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Russia: Don't Trust Ukraine's Opposition

Fireworks exploding over Kiev’s Independence Square as protesters celebrate Yulia Tymoshenko’s release from prison and the president’s ouster. Vasily Fedosenko

Russian officials have warned that the political opposition that has taken power in Ukraine consists of "illegal extremist groups" that do not represent the majority of the Ukrainian people and called on opposition leaders to abide by an earlier reached agreement.  

In accordance with the European Union-mediated deal reached on Friday, opposition leaders Vitaly Klitschko, Arseny Yatsenyuk and Oleh Tyahnybok and then-President Viktor Yanukovych agreed to refrain from using violence, while anti-government protesters had to unblock roads and squares, hand over illegal weapons and vacate the public buildings they had been occupying for months.

In return for the protesters backing down, presidential elections were set to be held in December and reforms were to be made restricting Yanukovych's powers.

Those terms were not enough for some protesters, however, who demanded that Yanukovych step down immediately. By Saturday, law enforcement and government officials had apparently fled and protesters seized not only government buildings, but also Yanukovych's lavish residence.

Foreign Minister Sergei Lavrov chimed in on the situation during a phone call with U.S. Secretary of State John Kerry that same day, blaming Ukraine's political opposition for the weekend riots and criticizing the opposition for its "inability or reluctance" to honor the agreements reached between the two sides on Friday and mediated by Germany, Poland and France.

"Illegal extremist groups refuse to hand over arms and are practically taking Kiev under their control with the connivance of opposition leaders sitting in the Verkhovna Rada," the Foreign Ministry said on its website, referring to the Ukrainian parliament.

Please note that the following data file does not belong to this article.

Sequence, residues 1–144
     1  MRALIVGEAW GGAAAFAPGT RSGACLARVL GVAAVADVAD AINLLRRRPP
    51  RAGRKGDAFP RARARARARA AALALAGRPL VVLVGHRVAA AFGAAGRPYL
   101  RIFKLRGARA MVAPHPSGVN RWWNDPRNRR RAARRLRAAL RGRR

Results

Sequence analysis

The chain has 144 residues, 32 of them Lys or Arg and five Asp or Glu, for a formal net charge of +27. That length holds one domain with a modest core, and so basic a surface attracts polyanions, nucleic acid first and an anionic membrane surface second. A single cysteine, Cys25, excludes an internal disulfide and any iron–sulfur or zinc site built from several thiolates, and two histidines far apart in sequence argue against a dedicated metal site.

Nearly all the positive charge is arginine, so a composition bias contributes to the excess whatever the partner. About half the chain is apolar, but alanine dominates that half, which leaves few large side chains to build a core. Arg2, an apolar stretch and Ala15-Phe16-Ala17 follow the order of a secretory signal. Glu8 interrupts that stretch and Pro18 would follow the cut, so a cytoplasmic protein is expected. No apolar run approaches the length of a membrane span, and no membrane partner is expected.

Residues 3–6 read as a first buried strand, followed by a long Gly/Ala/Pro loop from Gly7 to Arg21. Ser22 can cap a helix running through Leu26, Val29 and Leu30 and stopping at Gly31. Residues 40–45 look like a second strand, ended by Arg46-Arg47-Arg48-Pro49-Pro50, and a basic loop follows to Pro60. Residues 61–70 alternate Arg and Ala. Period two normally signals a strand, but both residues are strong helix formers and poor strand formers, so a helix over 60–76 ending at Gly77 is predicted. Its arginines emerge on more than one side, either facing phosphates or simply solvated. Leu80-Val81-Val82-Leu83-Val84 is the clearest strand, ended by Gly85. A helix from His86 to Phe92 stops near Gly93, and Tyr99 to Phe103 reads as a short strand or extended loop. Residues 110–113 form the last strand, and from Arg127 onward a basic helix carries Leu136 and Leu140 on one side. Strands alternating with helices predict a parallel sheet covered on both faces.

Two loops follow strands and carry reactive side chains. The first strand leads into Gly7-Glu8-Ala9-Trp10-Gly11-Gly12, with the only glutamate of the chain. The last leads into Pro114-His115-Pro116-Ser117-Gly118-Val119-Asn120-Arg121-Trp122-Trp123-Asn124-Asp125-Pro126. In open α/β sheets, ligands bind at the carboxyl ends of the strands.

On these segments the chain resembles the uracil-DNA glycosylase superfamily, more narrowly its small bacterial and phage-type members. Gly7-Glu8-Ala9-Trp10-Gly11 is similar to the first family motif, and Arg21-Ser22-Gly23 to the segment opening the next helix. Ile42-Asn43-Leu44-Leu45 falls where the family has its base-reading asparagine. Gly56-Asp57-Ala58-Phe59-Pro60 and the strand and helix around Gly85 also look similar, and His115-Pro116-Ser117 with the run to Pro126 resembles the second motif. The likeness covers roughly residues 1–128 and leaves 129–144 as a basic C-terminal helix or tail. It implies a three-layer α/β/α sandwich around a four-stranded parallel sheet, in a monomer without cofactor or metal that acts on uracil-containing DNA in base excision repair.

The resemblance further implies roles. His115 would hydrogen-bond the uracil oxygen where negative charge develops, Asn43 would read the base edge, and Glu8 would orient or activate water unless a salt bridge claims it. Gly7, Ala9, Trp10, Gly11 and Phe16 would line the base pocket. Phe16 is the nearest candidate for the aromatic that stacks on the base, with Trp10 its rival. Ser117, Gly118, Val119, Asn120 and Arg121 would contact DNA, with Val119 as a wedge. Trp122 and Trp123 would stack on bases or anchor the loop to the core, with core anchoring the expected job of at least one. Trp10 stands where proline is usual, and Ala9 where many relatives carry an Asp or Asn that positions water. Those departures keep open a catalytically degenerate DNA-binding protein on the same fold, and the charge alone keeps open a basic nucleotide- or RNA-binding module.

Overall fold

Lavrov urged the foreign ministers of Germany, Poland and France to "use their influence" to make the Ukrainian opposition "immediately fulfill" the agreement signed with the government Friday and "rein in rioting roughnecks," according to the Foreign Ministry website.

"The opposition not only has failed to fulfill any of its obligations, but is already putting forward more demands, toeing the line of armed extremists and rioters, whose actions present a direct threat to the sovereignty and the constitutional order of Ukraine," the ministry said.

"It is time to stop misinforming the international community and pretending that the Maidan of today represents the interests of the Ukrainian people," the ministry said.

Lavrov's counterparts in Germany, Poland and France responded by "promising to urgently take additional steps to secure the accomplishment of the reached agreements," the ministry said.    

Mikhail Fedotov, the head of the Kremlin human rights council, on Sunday urged the Ukrainian opposition to lift the country's entrance ban for Russian human rights expert Andrei Yurov, so that human rights violations could be monitored, Interfax reported.

"Currently, it is precisely the human rights issue that has to take priority in our concern for Ukraine," Fedotov said, adding that there were many Russian citizens in Ukraine.

Despite accusing Ukraine's opposition of failing to rein in radical militants, Russia seemed eager to cooperate with the future Ukrainian government.

According to Finance Minister Anton Siluanov, Russia may continue talks about a tranche of $2 billion to buy out Ukraine's eurobonds and help the country deal with foreign debt, but only after a new government is formed and its economic policy is outlined, Interfax reported Sunday.